Joseph Mallord William Turner  Born 1775, died 1851 o 1851 – year of the grand exhibition – Crystal Palace

(huge building, 1851 feet long, designed by a landscape artist named Paxton) One of the most famous and most mysterious British artists we‘ll run into Unique technique, enormous range of landscapes, seascapes, history, etc. Most of his works are in the Tate Museum in London Kept his private life secret – went by a pseudonym, lived with a woman who was not his wife—lot of mystery surrounding him Amazingly precocious o By his early 20s he was producing copies of Claude, Tournier  Some said that they were better than the originals  Making him an extremely popular artist o 1802: full member of the Academy by the time Constable had his first painting showed there o 1800: producing actual sketches from nature o Reckless technician, a sort of show-off o Loved to astonish people by re-painting his paintings right before they were showed in the academy  Most of his paintings have darkened because he was hurrying and the proper technique was not used Interior of Westminister Abbey, 1796 o Watercolor o Shown in the Royal Academy o Looking westward toward the crossing and the north transept o Signs it as if his signature is an inscription in the stone of the floor ―William Turner, born 1775) Fishermen at Sea, 1796 o First work he exhibited in oils o Also shown in the Royal Academy o Look at the fire on the boat o Moonlight on the sea o Again, he is only 21 o Stakes his claim as a serious painter, and as a marine painter, all at once o Seen as the rising star of the Academy o This work represents an early example of the kind of sublime – Turner is heading towards the true classic sublime which sets him apart from the rest of the artists  Sublime  In the 18th century, it meant something very different than it does today

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powerful. details with big gestures. commonly attends it when it‘s at it height…very distinguishable from the gay and brisk emotion praised by the beautiful‖ – Hugh Blair  Sublime in the 18th century had a religious feeling contained in it (today we don‘t associate it with religion)  These overt religious overtones may be one of the things that differentiates that understanding of sublimity than that of modern times  Considered to be a positive description  Seen as something Michelangelo could do—something they thought about Michelangelo that was sublime (frightening. color subordinate to grand design  Sir Joshua Reynolds continued to refer to Mike as a master of the sublime  Ut pictura poases – as it is in poetry. so Mike‘s paintings don‘t really count Gainsborough‘s Robert Andrews and his Wife.)  Poetry was more suitable towards the production of the sublime than painting – sublimity was more easily produced through words  Avoids superfluous detail. 1640  Salvator Rosa‘s Landscape with Armed Men. a degree of awe-fulness and solemnity even approaching to severity. 1748-50  Picturesque o Think of the Apollo Belvedere  This is what you would tend to get in England (Stowe) Key person to help the development of picturesque: William Giltman  Made his landscape to reflect Claude and Poussin Picturesque Sublime  Salvator Rosa‘s Polycrates Receiving the Fish and Ring. beautiful. and fills it with a degree of wonder and astonishment which is certainly delightful but it is altogether of a serious kind.The sublime meant: ―sublime produces a sort of internal elevation and expansion. etc. 1650  Difference between picturesque-ness of Poussin and picturesesque-sublime of Rosa  Think the Laocoon  . so it is in painting – Horace – trying to do for painting the same thing that poetry did (example of poetry: Milton)  Principle demand for landscape is a problem though. it raises the mind much above the ordinary state.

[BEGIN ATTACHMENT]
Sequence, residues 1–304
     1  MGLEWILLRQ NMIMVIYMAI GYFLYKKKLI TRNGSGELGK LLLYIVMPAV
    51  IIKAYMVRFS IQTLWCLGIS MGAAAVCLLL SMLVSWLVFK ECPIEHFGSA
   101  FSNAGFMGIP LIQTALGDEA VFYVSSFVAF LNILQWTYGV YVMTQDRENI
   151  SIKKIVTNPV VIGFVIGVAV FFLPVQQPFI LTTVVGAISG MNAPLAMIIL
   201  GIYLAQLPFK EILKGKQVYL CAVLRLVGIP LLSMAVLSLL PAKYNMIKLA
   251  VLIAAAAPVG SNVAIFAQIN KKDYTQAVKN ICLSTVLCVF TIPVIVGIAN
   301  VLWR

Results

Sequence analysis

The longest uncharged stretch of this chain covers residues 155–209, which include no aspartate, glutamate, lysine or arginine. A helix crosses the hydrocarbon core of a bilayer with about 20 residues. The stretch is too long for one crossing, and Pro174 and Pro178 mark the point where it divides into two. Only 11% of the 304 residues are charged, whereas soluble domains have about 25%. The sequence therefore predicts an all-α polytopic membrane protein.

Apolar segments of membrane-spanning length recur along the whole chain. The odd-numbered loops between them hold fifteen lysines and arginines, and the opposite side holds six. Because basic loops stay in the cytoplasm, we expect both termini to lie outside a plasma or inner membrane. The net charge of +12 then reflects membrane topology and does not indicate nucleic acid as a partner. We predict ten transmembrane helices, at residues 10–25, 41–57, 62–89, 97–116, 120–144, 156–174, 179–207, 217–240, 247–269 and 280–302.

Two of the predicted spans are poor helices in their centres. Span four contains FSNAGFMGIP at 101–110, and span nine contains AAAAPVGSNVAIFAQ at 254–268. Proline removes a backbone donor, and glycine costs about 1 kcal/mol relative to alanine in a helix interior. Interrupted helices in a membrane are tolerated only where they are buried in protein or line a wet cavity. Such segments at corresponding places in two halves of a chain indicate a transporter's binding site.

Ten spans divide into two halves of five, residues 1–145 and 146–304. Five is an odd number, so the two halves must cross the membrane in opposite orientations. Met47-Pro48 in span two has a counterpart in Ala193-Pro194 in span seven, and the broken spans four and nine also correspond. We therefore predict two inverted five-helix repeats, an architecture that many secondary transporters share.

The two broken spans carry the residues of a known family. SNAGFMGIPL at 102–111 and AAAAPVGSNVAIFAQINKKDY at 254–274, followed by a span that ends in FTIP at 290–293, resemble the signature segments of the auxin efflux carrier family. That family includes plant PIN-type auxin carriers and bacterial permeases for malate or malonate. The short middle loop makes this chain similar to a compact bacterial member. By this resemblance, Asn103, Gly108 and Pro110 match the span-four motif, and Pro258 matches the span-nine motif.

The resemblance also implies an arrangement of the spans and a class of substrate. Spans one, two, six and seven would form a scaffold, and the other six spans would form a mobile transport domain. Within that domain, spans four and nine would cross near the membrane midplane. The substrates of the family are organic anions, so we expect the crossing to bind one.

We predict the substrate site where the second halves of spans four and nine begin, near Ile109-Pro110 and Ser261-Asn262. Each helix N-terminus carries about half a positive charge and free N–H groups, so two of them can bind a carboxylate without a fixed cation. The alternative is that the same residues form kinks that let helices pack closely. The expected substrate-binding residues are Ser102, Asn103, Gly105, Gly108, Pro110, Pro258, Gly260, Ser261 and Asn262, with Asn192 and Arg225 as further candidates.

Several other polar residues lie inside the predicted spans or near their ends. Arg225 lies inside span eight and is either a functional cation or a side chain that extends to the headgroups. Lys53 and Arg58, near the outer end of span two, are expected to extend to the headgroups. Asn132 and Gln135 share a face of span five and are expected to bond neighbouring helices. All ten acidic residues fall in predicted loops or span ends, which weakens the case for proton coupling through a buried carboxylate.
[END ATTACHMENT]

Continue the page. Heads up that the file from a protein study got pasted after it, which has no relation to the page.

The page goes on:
1803-04 o Still picturesque sublime o A sort of aesthetic contemplation here where we become involved as a viewer but we don‘t really get lost into it o What will happen later with the sublime is that we will have to finish the painter ourselves as a viewer and then the painting becomes a part of us o But still. there is still a you are there quality to the paitning. 1798 o Gloomy ravine you have in the foreground with the mountains in the background o Pale light of the dawn o Mist slowly hides details as you go off into the distance o Turner‘s intention (he quotes Milton. Cumbeland. were in black and white. thinking about what it would be like. 1801 o We‘re really excited about it. making it picturesque sublime  Fifth Plague of Egypt. 1800 o First real historical picture – even though it‘s really the 7th plague o You can still look upon this as a literary episode  Dutch Boats in a Gale. making us think about it like a literary work  Fishermen on a Lee Shore in Squally Weather. St. 1805 o 1802 – Turner moved to France  Visited the Alps  Probably was exposed to many 17th century artists o Turner comes back to England to paint this o One of the paintings that you could get a copper copy of  Turner is realizing that he can make a lot of money  Copies were not colored.Back to Turner  Begins as a picturesque-sublime painter  Morning Amongst the Coniston Fells. 1803 o English boat arriving o French boat entering as well o Looked at van Ruisdale and outdoing him o Picturesque  Shipwreck. and that quote goes with his work)  Literary reference is important because it lifts his work to another realm o The element of human danger has not really been introduced – not true sublime here  Devil’s Bridge. Gothard. and you can see the date in the corner . 1803  Fishing Boats Entering Calais Harbor. but we‘re not frightened by it o Too much detail.